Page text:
More importantly, we have fun during the class and allow the students to work at a comfortable pace. My team is there to assist anyone who needs a little guidance. The social aspect is huge—not only for my staff to interact with the members, but for members to meet others from the community they may not know.
C&RB: Chef, you’ve seen many culinary trends evolve over your long career in clubs. What do you think are the most significant changes that will continue to impact us as club chefs over the next few years?
Laudia: Television and the Internet have certainly brought chefs and food to the forefront. Members are more knowledgeable, and many have become self-proclaimed “foodies.” That means that more than ever, club chefs will have to stay on top of their game.
Basic cooking skills have always been the foundation of all the trends that we as chefs have seen over the last few years, and now they have become more important than ever. Casual dining is also taking over as the most popular venue, and this trend will have a major impact on club chefs as they seek to maintain check averages in relation to food and labor costs.
Farm-to-table is one thing that will not remain a “trend” for long—it will become a standard. As it does, chefs will have an obligation to make sure that it remains straightforward and does not become a business where its authenticity is questioned. We need a better balance between farmers, growers, chefs, costs and pricing. This trend will continue to grow and improve for all groups, and will be important to the future of food.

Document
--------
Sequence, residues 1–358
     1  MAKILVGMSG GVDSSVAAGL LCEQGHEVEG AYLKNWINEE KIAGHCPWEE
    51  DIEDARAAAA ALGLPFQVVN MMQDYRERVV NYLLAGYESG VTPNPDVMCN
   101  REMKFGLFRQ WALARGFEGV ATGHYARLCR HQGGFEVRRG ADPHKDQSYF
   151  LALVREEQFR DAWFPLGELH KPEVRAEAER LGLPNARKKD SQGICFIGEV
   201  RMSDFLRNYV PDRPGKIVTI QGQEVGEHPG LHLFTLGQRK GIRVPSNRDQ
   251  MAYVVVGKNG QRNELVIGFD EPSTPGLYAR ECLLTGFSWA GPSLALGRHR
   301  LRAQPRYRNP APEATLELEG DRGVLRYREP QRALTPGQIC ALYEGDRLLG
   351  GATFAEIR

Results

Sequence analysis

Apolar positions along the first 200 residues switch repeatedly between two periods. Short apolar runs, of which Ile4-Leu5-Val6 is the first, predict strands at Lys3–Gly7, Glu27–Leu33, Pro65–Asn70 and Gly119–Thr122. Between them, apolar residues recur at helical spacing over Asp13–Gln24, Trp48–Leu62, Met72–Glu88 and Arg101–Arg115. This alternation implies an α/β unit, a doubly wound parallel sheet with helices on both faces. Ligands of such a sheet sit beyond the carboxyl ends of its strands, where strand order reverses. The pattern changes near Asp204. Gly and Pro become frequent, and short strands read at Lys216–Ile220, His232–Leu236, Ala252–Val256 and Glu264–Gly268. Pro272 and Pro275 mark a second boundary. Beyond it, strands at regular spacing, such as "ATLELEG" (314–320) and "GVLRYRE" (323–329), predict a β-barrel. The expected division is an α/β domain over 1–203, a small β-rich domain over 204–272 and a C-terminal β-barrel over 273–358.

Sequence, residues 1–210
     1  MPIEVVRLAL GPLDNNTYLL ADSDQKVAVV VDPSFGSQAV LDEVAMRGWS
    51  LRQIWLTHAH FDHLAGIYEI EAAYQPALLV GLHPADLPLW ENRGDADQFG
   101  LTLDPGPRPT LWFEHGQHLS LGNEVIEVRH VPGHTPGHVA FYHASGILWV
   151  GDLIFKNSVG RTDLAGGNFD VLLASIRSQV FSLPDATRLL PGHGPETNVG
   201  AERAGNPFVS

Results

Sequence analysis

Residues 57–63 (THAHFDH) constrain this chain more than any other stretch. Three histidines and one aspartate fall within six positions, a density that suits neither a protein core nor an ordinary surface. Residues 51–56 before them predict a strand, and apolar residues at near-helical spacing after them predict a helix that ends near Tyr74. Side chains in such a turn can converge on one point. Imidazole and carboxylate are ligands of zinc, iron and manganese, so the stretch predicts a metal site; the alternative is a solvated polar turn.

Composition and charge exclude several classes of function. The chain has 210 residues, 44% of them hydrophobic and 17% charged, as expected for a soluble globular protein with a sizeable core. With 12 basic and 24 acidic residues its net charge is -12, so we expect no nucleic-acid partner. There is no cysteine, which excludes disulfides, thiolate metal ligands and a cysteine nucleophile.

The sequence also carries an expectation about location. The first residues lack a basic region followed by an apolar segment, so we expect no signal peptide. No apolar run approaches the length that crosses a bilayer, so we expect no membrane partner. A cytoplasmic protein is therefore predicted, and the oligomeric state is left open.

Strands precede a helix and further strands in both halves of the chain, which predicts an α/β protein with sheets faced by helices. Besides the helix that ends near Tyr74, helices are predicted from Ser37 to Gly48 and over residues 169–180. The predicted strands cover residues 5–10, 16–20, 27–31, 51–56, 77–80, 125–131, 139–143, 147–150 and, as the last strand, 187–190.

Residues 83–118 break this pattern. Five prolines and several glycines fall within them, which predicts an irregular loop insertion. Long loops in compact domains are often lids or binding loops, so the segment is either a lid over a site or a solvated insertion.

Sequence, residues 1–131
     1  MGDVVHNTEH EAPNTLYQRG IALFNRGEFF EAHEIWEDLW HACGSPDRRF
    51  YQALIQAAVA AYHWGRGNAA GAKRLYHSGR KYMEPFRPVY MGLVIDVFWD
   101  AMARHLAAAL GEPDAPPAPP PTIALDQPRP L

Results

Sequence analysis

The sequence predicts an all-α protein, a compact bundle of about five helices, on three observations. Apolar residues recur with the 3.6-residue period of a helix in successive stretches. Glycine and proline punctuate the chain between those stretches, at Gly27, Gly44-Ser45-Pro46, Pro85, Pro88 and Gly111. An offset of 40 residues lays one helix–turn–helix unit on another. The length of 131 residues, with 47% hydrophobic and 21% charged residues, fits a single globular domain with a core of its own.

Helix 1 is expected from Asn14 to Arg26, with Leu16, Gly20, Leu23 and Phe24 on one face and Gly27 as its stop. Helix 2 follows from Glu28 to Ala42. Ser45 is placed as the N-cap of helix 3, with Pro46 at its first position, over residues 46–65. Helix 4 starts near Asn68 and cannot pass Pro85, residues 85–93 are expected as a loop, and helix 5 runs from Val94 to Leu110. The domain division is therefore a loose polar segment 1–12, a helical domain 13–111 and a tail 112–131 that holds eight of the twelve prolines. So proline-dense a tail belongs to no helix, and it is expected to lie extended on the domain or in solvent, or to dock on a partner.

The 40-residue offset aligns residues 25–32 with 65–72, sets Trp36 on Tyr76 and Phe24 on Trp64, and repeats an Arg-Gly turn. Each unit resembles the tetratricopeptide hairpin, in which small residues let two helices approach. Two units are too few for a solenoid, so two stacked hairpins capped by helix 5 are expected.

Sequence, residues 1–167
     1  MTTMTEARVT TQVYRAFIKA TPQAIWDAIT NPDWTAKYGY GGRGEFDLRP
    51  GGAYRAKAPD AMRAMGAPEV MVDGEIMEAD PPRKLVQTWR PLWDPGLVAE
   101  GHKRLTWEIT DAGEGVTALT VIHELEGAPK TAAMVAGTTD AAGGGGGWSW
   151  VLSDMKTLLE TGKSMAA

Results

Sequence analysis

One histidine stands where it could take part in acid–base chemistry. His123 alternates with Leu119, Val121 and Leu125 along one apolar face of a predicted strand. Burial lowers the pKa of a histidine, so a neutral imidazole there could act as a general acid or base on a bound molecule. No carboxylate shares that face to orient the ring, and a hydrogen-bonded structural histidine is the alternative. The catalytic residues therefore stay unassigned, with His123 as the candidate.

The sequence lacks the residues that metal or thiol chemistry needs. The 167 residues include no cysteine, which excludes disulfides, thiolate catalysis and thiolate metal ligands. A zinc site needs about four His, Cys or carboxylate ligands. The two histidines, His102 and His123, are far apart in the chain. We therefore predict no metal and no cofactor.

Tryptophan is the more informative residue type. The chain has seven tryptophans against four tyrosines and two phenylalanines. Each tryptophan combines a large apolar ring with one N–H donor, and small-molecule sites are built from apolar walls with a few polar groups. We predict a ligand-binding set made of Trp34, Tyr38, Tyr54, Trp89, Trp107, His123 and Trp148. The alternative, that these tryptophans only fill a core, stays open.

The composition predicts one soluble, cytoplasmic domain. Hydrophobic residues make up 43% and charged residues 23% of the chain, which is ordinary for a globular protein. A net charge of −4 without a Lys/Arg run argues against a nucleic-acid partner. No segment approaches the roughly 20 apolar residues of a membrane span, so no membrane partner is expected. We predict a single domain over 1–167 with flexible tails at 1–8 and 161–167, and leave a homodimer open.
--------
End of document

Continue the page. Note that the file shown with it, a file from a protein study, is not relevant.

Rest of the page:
C&RB: You were awarded the ACF’s Chef Professionalism Award this year. Can you tell us about the award and what it meant to you?
Laudia: What an amazing journey and a great honor to be nominated for the same award received by so many great chefs before me, and to vie for it among the other regional winners. To know that my years of dedication to my profession and my community is being recognized by my colleagues and peers is the ultimate award.
The award recognizes certification, mentoring and community affairs, and how I was allowed to engage with others in my profession. Mentoring remains a passion for me. Seeing local students’ thirst for knowledge and their excitement to compete is a thrill.
Community participation and sharing is another area that all chefs can easily be involved with. Preparing extra meals weekly, or turkeys during the holidays, takes nothing for us to do, but it can mean so much to others. This award takes all of this into consideration, which makes it that much more special to me.